Q: How is Ruben your muse?

A: I fell in love with Ruben’s work before I fell in love with Ruben. I love to be moved, and his work moves me unlike anything. His sensitivity, as a person and in his work, attracts me, inspires me greatly.

Q: Describe yourself as a designer.


A: I’m withdrawn and very self-absorbed. That’s a strange way to be for fashion, but my point of view is so personal to me. I search my insides as opposed to what’s around me. I don’t like to be categorized. I need freedom. While I’m working, while I’m alive; do not put me in a box. The day I’m dead you can put me in a box.

Q: Describe Ruben as an artist.

A: Ruben really loves information. He draws everywhere, even on the walls. Our home and studio are a diary of our lives. He’s a constant visual person taking in what’s around him. I don’t live by visuals. I live by emotion. We work so different. Maybe that’s why it works.

Q: You’ve described your shapes as liquid architecture. What do you mean?


A: I’m a Latin woman, and I have a shape. I also love working with jersey, so how do I make jersey attractive on me without seeing every single mound? So I control the seams. Every strategically placed seam has excess fabric that literally becomes like boning on the garment, so the dress falls where it should and not become a tube. Garments should flow and yet be structured.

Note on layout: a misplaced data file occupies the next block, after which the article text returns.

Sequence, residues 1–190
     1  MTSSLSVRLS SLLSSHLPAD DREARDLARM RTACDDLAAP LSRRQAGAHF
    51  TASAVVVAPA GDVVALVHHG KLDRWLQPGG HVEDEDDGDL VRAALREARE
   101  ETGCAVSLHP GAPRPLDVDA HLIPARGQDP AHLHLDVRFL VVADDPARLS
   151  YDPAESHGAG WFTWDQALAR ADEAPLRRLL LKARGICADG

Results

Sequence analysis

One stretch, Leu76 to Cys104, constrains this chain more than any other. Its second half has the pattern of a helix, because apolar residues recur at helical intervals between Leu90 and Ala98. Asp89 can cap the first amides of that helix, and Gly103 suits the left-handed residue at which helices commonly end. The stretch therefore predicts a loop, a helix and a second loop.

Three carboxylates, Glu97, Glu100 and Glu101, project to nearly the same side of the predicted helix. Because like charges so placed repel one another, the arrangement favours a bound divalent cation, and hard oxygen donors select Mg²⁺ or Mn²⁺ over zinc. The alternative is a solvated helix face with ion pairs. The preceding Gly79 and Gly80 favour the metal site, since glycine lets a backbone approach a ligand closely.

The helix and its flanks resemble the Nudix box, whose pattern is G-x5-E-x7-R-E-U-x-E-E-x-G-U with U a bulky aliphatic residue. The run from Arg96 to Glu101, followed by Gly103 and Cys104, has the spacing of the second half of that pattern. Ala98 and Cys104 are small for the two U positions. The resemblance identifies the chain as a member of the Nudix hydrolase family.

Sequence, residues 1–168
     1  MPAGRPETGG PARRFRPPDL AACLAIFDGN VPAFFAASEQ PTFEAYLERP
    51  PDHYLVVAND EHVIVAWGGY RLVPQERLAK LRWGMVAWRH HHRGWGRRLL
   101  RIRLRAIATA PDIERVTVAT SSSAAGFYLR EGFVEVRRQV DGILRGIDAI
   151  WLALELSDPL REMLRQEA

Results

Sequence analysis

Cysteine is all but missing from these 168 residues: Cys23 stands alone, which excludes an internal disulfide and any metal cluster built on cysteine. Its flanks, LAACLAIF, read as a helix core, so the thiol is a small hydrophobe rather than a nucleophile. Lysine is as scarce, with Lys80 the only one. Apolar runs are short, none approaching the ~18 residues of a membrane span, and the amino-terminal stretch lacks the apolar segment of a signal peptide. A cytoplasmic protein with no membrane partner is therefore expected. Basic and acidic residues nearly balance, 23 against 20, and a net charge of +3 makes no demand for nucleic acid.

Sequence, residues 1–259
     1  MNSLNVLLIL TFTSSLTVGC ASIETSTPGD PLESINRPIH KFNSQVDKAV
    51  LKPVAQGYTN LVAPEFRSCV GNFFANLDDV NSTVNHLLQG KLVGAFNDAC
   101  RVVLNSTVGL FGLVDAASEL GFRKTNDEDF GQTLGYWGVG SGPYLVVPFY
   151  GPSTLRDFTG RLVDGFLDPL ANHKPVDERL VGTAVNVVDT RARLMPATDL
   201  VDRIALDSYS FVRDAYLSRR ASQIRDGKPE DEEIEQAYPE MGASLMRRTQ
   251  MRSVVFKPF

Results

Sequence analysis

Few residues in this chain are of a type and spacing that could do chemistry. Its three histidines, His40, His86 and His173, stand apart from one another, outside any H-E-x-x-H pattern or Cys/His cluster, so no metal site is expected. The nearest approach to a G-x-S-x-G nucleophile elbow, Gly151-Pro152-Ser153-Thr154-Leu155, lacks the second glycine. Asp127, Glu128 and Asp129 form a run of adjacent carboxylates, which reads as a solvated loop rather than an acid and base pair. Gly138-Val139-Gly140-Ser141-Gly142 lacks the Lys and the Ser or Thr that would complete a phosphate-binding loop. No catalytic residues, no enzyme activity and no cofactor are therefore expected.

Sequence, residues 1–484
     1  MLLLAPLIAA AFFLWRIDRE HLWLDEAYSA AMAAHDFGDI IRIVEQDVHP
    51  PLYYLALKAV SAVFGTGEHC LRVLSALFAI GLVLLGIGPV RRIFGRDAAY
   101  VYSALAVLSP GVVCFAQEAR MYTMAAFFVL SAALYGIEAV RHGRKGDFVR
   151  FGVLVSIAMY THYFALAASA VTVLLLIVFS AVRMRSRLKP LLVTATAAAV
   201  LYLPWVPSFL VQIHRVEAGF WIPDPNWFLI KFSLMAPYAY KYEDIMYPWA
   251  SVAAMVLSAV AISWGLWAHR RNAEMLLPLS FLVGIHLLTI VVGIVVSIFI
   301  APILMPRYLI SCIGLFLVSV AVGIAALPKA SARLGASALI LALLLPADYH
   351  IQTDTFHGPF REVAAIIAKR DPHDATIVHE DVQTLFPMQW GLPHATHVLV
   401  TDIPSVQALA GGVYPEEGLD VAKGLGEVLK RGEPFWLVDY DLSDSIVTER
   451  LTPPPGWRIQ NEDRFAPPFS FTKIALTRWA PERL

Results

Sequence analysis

Q: What mistakes did you make early in your career?

A: I wouldn’t call them mistakes. I’d call it a learning process, experimentation. When everyone was doing the power suit and the little pencil skirts in the mid-1980s, I was designing my packing garments [geometric shaped dresses that fold as flat as origami paper]. That was a tough time for somebody to come out with these amorphous shapes. They were counterculture to what was going on. But my naiveness of the industry allowed me to give my honest, unedited point of view. I still work this way.

Q: What’s wrong or lacking in fashion today?


A: Intimacy, which is why I stopped doing runway regularly. I want to be intimate with my customer to the point of not even showing a collection to editors or magazines, so that the clothes can be fresh for the customer. I dress an emotion. I like to make people experience that.

Q: Why have you survived in the world of fashion?